1830s sleeve supports
Even though my sleeves have a pleated upper arm, the puff under that still requires shaping. I did not need a large puff so I measured my arm and that became my length. More fabric could be added here, but I wanted it to sit without being held in place with cords (tying them into place with cords was more common in the earlier part of the 1830s, I could imagine that when the sleeves began to be tighter at the top they may have become uncomfortable). I then calculated how large the puff would need to be to support the puff fabric without stretching it out too much. I then toiled it and tried it out... making adjustments as I went. The larger piece is gathered around the fullness, keeping the section that will go under the arm flat and smooth.
These are the final pattern shapes after toiling. The smaller shape is the inside and the larger is the gathered outside.
An unfilled puff upside down
An unfilled puff the right way round. I then filled the puffs with Cotton. To finish them off the ends, one end was folded into the other and it was then whip stitched down.
As you can see they are not very large, but still very effective.
I love chemisettes and they tend to be an item that is often neglected by many members of the groups I am a part of. 4
- They provide protection for your garment from sweat stains around the neck and collars.
- They are easier to clean than a dress.
- They provide a level of period correct modesty for day wear.
- They are an easy way to change collars without whip stitching them directly to the dress.
- They just look really nice.
For mine I put three small 1/8" pin tucks on either side of the opening. It also has a cord string to close the neckline. The back is plain. The pattern had a basic collar, so I made a thin ruffle that I whip gathered on and trimmed with a lace edge.
The last item that I made to finish the impression was a matching cotton shawl-mantlet. These are an important outergarment of the time and come in a wide variety of shapes. They are not long and so they protect the sleeve from being crushed. I was amazed at how many exant cotton gowns still had their original matching capelette in online collections. I was provided with a basic pattern shaped off an original from a lady called Kay. She has a huge collection of exant garments and is wonderful at helping create authentic outfits. I toiled her pattern to fit me and then made it with the same cotton fabri as my dress, plain white cotton for lining and the same silk piping as I used on the dress. I also made my toile with scalloped edges, whereas the original only had a single scalop on the edge of each shoulder. I must admit they are very strange looking items and I doubt they would really provide your dress with any protection.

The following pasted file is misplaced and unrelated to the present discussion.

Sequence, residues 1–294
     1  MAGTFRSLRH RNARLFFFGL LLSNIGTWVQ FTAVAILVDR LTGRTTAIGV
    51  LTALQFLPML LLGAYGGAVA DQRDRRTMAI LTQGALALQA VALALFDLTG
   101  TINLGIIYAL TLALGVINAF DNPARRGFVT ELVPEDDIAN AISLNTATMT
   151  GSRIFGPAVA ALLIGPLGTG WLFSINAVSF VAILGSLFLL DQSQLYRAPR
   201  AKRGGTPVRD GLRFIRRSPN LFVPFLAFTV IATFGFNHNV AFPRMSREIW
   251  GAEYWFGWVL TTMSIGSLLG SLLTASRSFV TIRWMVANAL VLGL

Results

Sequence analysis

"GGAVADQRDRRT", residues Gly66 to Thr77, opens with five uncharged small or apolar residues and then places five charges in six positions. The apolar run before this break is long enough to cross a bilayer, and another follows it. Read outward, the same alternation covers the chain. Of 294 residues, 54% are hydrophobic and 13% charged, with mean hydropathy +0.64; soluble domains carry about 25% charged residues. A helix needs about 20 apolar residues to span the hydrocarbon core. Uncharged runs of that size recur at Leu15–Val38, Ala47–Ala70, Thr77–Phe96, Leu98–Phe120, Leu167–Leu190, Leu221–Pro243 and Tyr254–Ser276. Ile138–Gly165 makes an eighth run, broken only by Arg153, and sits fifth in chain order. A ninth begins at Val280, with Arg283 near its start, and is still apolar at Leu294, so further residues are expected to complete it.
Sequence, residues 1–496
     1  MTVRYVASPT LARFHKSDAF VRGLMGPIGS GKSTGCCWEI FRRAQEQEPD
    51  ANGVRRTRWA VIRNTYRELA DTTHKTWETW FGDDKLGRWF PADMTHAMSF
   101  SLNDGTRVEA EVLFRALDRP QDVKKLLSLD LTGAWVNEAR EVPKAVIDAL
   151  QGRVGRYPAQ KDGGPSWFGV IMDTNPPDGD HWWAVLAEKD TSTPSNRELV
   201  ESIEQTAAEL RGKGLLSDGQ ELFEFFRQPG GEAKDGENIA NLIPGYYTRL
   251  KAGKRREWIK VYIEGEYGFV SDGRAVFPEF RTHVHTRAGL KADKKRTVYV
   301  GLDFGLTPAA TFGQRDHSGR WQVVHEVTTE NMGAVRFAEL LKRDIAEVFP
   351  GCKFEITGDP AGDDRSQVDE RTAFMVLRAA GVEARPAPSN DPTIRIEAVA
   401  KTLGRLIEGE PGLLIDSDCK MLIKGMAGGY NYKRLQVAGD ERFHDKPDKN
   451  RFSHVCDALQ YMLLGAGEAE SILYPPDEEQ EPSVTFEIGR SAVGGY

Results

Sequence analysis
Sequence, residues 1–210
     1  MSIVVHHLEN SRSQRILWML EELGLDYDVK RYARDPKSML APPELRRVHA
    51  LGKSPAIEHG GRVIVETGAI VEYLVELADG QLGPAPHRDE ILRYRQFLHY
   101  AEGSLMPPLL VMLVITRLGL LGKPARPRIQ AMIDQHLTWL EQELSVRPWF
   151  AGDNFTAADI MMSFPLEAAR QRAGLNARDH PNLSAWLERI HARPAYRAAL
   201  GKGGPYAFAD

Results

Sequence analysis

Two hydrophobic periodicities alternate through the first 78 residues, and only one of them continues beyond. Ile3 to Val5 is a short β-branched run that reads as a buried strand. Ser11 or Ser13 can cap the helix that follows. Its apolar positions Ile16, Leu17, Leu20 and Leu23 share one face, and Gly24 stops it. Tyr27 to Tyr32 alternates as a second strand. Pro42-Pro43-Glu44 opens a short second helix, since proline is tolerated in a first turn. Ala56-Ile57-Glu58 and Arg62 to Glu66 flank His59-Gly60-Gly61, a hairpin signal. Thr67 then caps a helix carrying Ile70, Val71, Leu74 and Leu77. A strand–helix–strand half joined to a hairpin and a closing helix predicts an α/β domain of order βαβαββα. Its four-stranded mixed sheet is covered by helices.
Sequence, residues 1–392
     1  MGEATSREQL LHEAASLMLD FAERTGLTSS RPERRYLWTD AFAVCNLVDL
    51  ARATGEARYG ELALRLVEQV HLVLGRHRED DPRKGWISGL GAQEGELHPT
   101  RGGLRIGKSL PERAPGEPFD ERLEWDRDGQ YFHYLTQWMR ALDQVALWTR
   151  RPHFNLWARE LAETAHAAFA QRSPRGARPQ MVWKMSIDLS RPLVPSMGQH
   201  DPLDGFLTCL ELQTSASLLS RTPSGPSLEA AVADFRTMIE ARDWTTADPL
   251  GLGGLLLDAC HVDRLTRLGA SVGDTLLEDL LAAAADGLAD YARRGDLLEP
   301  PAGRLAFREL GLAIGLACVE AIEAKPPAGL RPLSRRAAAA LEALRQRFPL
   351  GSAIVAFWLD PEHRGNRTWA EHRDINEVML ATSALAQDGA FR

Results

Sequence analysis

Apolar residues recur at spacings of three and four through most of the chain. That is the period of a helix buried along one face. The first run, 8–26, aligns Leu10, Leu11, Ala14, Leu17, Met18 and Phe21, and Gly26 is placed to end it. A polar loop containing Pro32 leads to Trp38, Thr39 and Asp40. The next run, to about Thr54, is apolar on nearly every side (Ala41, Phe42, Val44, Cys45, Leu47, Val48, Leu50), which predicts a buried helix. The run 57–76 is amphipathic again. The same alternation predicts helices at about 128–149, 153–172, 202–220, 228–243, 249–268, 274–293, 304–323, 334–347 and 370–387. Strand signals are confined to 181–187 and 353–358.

On my Manequin, over the collar..
Under the Collar
That's a very beautiful ensemble. I love to see how all the pretty details build up the whole ensemble to a proper period appearance! Fantastic!ReplyDelete
Wonderful sleeve supports! I will have to remember this page for when I make my 1830s outfit!! You look fabulous in your ensemble!!!ReplyDelete
Your capelet/mantlet was also called a pelerine.ReplyDelete